The second book is also based on real life experiences back in the 1950’s and early 1960’s – Platte River flooding on Big Island. Our family cabin sat right on the ground – or more appropriately right on the sand – just a few yards back from the river. Each winter the Platte would freeze and when the weather warmed, the ice jams appeared and forced the river out of its banks.
Each Spring, my Dad, Uncle and Grandpa would spend several days washing out the mud and muck left in the cabin. Our cabin was just a simple summer cabin with no drywall or insulation so the cleanup wasn’t awful. I think they moved the refrigerator and stove up on something to keep those appliances protected and out of the water.
There was an old hand pump at the sink and an outhouse in the backyard – so running water and contamination was always an issue – we never drank the water. We always brought pre-made Kool-aid and water with us from town.
One year the flooding was worse than in years past. More water (and mud) entered the cabin and ruined some cushions on the cabin furniture – as well as the fluffy quilts stored atop the cushions. None could be salvaged - all of Aunt Margaret’s quilts were thrown away!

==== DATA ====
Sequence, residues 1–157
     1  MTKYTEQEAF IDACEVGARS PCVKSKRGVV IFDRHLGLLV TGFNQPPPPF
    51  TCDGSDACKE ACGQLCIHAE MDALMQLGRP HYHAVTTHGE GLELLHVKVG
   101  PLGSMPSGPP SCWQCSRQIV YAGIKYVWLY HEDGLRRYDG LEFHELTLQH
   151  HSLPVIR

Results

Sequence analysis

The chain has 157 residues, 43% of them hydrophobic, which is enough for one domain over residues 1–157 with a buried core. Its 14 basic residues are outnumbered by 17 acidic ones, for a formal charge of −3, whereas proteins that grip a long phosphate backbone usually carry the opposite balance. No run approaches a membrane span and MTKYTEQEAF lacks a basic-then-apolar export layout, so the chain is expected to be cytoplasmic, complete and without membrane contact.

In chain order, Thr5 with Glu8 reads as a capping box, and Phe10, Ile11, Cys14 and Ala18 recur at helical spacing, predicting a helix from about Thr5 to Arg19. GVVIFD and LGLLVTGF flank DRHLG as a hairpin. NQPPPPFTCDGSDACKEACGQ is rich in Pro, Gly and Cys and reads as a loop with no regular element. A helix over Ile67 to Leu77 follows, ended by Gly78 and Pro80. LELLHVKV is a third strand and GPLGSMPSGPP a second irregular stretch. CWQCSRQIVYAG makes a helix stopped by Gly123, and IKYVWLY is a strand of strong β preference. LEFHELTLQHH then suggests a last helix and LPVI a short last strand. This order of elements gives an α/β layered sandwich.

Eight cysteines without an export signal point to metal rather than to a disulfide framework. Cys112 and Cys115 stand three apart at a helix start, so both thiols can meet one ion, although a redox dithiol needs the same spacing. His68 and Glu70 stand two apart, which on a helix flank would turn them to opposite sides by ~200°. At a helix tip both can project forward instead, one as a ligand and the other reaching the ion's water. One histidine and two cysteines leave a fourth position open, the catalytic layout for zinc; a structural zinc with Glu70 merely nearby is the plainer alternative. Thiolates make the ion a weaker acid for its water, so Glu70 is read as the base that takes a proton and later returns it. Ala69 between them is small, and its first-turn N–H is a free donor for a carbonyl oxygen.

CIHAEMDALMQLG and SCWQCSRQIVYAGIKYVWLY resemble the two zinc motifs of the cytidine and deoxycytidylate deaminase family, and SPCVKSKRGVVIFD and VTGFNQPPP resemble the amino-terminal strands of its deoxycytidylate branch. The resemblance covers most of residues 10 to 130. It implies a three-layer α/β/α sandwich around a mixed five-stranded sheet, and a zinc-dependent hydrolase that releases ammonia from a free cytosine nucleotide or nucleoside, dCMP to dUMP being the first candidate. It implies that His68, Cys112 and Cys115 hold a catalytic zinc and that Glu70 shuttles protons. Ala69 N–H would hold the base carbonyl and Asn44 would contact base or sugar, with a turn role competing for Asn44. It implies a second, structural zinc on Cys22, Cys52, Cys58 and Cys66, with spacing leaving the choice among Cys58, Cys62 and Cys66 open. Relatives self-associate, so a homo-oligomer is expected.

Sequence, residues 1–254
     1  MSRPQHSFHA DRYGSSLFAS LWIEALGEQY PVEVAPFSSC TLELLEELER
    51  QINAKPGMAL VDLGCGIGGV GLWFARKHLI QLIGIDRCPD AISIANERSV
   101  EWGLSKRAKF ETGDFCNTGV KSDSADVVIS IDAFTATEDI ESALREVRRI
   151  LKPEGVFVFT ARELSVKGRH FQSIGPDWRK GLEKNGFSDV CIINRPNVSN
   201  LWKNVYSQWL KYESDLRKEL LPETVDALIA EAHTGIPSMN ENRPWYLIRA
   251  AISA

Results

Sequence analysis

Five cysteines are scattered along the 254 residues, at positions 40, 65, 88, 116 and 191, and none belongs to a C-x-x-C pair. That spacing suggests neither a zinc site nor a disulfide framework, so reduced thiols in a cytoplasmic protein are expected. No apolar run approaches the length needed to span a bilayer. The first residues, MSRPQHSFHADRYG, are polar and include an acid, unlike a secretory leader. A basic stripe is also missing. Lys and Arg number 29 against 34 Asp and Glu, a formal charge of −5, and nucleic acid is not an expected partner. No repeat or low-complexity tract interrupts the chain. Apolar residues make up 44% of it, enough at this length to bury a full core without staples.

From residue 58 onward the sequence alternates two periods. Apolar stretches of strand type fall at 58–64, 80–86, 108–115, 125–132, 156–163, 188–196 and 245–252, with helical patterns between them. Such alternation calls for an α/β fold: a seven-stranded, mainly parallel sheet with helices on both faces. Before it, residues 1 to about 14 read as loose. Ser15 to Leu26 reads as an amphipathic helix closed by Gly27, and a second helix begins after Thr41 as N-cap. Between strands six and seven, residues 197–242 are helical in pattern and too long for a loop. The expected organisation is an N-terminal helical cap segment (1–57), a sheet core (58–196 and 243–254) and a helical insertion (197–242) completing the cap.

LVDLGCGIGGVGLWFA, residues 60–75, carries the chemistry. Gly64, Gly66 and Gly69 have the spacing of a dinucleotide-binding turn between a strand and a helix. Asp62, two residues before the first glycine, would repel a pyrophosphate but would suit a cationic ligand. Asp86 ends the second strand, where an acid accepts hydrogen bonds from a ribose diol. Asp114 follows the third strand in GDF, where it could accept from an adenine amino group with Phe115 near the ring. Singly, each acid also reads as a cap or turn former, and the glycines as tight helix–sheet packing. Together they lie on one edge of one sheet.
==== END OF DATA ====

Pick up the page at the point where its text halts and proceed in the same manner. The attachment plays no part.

I remember walking around the area and looking at how the landscape had changed. The river bank had been altered. The bank was much steeper now than in past years. A tree was left teetering on the edge – I wasn’t sure how it managed to hang on. Branches and debris were washed up against the cabin and tall sand dunes rose intermittently across the front yard. The flooding had been a big deal and something no one could control. We could only deal with the aftermath… the flooding made quite an impact on my impressionable mind.
I hate to admit this, but my brother and I had captured a little toad the summer before the flooding and we inadvertently killed it. We shouldn’t have tried to keep it captive. We were heart broken when he died. We conducted a funeral for “Toady” before burying him in the front yard of the cabin. I had carved a cross in a block of plaster at girl scout camp and we used that as a headstone. After the flood, there was no sign of the headstone – anywhere! That missing headstone made me even sadder.